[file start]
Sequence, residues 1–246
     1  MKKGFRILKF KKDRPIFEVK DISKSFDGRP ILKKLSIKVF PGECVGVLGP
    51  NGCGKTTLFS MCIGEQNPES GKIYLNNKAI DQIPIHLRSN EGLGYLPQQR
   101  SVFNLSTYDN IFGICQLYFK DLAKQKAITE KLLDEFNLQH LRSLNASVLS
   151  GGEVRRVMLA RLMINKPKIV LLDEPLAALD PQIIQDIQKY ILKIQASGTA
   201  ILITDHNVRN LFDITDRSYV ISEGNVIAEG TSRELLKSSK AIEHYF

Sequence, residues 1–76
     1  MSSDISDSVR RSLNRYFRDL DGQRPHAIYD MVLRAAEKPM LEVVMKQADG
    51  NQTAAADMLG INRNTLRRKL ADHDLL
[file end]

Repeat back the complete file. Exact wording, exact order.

Sequence, residues 1–246
     1  MKKGFRILKF KKDRPIFEVK DISKSFDGRP ILKKLSIKVF PGECVGVLGP
    51  NGCGKTTLFS MCIGEQNPES GKIYLNNKAI DQIPIHLRSN EGLGYLPQQR
   101  SVFNLSTYDN IFGICQLYFK DLAKQKAITE KLLDEFNLQH LRSLNASVLS
   151  GGEVRRVMLA RLMINKPKIV LLDEPLAALD PQIIQDIQKY ILKIQASGTA
   201  ILITDHNVRN LFDITDRSYV ISEGNVIAEG TSRELLKSSK AIEHYF

Sequence, residues 1–76
     1  MSSDISDSVR RSLNRYFRDL DGQRPHAIYD MVLRAAEKPM LEVVMKQADG
    51  NQTAAADMLG INRNTLRRKL ADHDLL